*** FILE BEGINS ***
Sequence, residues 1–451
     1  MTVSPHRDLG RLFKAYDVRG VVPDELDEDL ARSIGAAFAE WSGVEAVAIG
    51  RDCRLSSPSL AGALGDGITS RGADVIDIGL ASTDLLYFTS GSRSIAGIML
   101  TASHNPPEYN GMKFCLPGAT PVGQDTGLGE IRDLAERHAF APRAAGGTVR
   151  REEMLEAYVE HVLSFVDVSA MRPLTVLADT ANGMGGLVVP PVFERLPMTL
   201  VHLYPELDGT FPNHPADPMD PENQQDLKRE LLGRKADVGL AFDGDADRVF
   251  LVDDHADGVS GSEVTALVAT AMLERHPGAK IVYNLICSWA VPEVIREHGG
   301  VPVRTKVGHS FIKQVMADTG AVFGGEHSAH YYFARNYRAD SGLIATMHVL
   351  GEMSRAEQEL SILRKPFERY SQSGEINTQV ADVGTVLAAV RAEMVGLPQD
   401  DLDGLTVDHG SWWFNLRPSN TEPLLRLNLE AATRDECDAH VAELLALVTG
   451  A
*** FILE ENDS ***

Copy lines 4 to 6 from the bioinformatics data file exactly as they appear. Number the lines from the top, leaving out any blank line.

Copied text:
   101  TASHNPPEYN GMKFCLPGAT PVGQDTGLGE IRDLAERHAF APRAAGGTVR
   151  REEMLEAYVE HVLSFVDVSA MRPLTVLADT ANGMGGLVVP PVFERLPMTL
   201  VHLYPELDGT FPNHPADPMD PENQQDLKRE LLGRKADVGL AFDGDADRVF